Not much else happened besides the Cliff Lee signing but as those of you reading since December know and as those of you who haven’t can see here, I thought highly of how this signing was set up in the previous years.
Predicted Record Range: 94-99 This may seem a bit low considering how much I have lauded them in this entry but their line-up has pacified considerably with the loss of Utley and worth(so that’s where it went). Do I think that they will win the World Series if/when Utley comes back full force? Yes, but until then they will struggle in streaks to put runs up. I actually have the NL East being a race if not the Braves winning it.
The Blue Jays lose possibly the best pitcher in the league and what do they do:
Oh, nothing much. Just hit the most home runs of any team in the major leagues.
Frank Fancisco, Rajai Davis, Carlos Villanueva, Sean Henn, Corey Patterson, Octavio Dotel, Chad Cordero, Jon Rauch, and Juan Rivera.
Vernon Wells, Jeremy Accardo, Kevin Gregg, Scott Downs, John Buck, Shawn Marcum, and Lyle Overbay.
Why?: I know that they lost three really good bullpen guys, but look. They also gained four former closers. I know that they lost two middle of the line-up hitters but got a bonafide lead off hitter and whatever you consider Juan Rivera and Corey Patterson to be.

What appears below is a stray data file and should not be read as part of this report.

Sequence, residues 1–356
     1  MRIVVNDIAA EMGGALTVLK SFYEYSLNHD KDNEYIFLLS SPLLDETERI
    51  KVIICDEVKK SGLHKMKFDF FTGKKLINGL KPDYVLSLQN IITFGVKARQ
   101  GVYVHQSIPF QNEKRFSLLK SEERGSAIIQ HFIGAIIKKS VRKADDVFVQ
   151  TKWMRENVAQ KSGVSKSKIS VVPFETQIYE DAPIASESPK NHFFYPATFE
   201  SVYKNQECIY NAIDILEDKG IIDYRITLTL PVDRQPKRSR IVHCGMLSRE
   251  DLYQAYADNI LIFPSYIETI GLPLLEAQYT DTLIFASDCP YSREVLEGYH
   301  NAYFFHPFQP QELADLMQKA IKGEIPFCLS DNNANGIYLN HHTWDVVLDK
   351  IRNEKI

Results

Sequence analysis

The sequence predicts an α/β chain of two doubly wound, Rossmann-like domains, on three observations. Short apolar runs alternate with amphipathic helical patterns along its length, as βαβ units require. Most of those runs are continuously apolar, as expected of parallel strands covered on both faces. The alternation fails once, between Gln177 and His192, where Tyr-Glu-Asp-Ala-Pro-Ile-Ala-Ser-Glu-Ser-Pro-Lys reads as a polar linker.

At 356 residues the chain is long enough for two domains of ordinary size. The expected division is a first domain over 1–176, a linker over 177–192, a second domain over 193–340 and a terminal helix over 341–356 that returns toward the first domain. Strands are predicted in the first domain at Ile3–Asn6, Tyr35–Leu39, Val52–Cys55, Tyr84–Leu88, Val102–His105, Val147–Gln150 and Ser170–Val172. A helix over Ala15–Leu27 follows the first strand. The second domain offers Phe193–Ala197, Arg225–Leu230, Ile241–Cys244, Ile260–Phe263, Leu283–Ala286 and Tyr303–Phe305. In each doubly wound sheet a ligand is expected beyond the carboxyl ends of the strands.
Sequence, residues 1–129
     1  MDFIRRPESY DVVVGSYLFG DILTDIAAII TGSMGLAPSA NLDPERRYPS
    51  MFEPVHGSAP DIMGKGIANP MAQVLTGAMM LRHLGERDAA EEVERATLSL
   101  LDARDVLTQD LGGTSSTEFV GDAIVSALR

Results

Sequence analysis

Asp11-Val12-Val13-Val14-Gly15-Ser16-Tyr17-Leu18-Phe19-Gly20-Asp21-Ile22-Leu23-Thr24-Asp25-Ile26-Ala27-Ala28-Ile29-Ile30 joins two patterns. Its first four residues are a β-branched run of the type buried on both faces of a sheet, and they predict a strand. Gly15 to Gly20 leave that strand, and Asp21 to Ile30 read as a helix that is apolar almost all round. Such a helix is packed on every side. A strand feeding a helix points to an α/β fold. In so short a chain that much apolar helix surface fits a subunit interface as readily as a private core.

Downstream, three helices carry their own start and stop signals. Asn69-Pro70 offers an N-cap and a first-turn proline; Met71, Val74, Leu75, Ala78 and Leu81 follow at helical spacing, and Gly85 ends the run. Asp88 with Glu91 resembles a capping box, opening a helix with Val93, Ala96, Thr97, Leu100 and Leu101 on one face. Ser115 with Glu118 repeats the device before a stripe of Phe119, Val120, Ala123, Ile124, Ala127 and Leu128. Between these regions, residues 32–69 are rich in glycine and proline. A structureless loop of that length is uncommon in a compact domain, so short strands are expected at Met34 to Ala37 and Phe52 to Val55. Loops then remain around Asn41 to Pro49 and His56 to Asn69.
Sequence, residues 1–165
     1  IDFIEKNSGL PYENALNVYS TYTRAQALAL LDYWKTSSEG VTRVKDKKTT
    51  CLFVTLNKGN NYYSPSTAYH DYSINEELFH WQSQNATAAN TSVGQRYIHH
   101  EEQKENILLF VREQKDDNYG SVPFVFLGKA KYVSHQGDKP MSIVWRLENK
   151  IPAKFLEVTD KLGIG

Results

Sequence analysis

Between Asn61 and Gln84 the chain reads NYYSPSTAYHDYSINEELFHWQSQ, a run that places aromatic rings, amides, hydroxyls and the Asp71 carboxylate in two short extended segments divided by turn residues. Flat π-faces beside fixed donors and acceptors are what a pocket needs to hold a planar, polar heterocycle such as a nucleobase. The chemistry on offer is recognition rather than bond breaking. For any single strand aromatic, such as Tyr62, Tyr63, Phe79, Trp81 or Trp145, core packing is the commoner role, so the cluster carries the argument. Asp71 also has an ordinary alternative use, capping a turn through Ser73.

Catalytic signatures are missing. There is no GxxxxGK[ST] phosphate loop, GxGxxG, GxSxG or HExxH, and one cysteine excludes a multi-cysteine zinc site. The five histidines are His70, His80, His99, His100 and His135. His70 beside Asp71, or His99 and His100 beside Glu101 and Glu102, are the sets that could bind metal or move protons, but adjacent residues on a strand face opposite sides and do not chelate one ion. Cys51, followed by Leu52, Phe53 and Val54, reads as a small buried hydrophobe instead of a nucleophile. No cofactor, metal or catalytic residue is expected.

The only thing that suffered in the offseason was the rotation. Not only because of what you might think in Marucm leaving for Milwaukee but also John Buck leaving. With Buck leaving the pretty consistent Blue Jay rotation has had three catchers in three years (or more?) and it is tough. I would make the analogy to Quarter Backs in football playing in different systems every year. It is tough to have to keep adjusting. Just when you get comfortable pitching to a certain catcher he leaves town.
Will the Blue Jays continue to hit home runs? I have no idea. All I know is that even though there were more homeruns, there was also a way lower team AVG. Takee Aaron HIll for example, normally he hits around 15 HRs and bats .280 but last year he hit 24 HRs (or something like that) and had an AVG of around the Mendoza line.
One thing I would tell people is to watch out for Blue Jay prospects in the future. With the new GM, Alex Anthopoulos, the Blue Jays invested a whole lot into scouting, which may pay dividends down the road.
Predicted Record Range: 77-82 wins I see them declining a bit even though they have people like Kyle Drabek coming up because I don’t think they can keep the home run production up in 2011.